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Movie Review

The Man Who Wasn't There

MPAA Rating: R for a scene of violence.

Reviewed by: Carole McDonnell

Very Offensive
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1 hr. 56 min.
Year of Release:
USA Release:
Featuring: Billy Bob Thornton, Frances McDormand, James Gandolfini, Scarlett Johansson, James Gandolfino
Director: Joel Coen
Producer: Ethan Coen
Distributor: USA Films

We all know that adultery tends to destroy families. But never has adultery destroyed a family as spectacularly as it does in Joel and Ethan Coen film, “The Man Who wasn’t There”. In the film, Ed Crane (Billy Bob Thornton) has lived a life where he fell into marriage and fell into his wife’s family business. He has arrived at his station (pun intended) in life by not making any real decisions. After figuring out that his wife has been having an affair, Ed decides on a plan—the first real decision of his life—and, of course, disaster strikes. Why does it strike? Because, as usual, these loser characters always choose to repair their lives by doing something vaguely shady.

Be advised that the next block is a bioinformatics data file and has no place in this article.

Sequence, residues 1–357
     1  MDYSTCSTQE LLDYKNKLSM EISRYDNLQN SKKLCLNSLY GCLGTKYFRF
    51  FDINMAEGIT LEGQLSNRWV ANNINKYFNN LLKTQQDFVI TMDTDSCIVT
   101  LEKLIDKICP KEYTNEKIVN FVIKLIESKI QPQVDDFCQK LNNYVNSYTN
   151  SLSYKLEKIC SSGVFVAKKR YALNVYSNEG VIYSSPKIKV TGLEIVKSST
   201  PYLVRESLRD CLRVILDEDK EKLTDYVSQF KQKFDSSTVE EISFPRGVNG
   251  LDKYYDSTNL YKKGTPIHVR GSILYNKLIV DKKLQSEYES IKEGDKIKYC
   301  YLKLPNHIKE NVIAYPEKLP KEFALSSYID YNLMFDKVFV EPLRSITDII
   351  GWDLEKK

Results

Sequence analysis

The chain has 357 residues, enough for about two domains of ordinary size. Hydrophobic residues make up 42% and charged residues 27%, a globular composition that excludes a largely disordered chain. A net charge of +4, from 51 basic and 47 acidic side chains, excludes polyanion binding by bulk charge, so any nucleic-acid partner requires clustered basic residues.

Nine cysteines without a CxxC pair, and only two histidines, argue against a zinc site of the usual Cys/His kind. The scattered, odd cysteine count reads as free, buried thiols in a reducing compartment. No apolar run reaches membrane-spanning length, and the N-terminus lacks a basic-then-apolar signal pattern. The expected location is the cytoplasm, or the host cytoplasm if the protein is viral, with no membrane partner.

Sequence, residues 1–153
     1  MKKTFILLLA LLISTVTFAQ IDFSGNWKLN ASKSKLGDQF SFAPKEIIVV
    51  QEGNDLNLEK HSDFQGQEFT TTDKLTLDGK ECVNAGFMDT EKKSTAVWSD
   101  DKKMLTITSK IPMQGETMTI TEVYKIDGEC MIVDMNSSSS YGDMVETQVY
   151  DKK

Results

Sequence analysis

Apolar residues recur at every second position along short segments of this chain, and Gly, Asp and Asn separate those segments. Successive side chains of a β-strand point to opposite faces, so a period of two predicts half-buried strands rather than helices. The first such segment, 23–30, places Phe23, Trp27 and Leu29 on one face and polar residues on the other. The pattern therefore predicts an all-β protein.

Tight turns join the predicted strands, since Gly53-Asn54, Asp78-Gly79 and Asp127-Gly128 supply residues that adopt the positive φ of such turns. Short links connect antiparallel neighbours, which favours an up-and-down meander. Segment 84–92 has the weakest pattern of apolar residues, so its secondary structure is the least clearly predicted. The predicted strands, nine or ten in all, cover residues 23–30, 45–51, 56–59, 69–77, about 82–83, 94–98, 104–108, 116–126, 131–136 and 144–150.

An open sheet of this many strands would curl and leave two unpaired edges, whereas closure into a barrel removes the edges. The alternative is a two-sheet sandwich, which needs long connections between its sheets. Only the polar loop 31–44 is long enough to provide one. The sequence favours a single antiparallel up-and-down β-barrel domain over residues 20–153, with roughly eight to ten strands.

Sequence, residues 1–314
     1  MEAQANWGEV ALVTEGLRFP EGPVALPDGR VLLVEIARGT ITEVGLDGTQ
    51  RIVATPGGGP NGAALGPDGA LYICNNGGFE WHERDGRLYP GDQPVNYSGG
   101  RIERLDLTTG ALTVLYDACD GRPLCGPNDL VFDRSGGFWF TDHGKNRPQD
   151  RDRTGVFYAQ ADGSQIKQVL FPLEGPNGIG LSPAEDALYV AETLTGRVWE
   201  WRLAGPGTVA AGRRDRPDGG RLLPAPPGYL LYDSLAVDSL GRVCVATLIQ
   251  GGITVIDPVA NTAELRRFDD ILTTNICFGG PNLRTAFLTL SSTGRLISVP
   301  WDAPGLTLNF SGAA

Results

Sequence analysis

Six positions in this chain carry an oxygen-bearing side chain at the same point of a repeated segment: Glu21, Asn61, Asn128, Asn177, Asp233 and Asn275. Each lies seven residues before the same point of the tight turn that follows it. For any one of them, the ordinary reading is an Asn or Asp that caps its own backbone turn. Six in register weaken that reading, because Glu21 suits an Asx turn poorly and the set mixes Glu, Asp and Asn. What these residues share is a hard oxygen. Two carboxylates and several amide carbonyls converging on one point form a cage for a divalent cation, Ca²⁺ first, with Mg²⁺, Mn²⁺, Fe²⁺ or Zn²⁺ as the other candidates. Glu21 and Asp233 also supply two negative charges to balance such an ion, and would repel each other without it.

This black and white film is a descendant of the film noir genre where some loser is dogged by bad luck. it’s a genre I used to like in my younger days. But I have gotten increasingly impatient with it as I’ve gotten older and more spiritually mature as a Christian. But we’ll discuss my reservations at the end. First, let us discuss Ed. Why isn’t he “there?” Well, for one he is silent. At a dinner party at his house, he is so self-engrossed and so judgmental of the boorish Big Dave (James Gandolfini)—whom his wife is having an affair with—that he spends the entire dinner silent. This silence is normal for him and stems from a combination of stand-offish arrogance, a general alienation from normal everyday all-American life, and a bad case of morbid introspection. He is continually comparing himself with other men for better or worse, usually for worse. it’s the kind of shyness that is part pride and makes him a brick wall people bounce their thoughts off of. Why he is like this, we’re never told. And although it’s not an excuse, we know that a sullen curmudgeonly husband such as this is going to end up with a bored wife Doris in this case (Frances McDormand) who needs excitement, or at least someone she can talk to.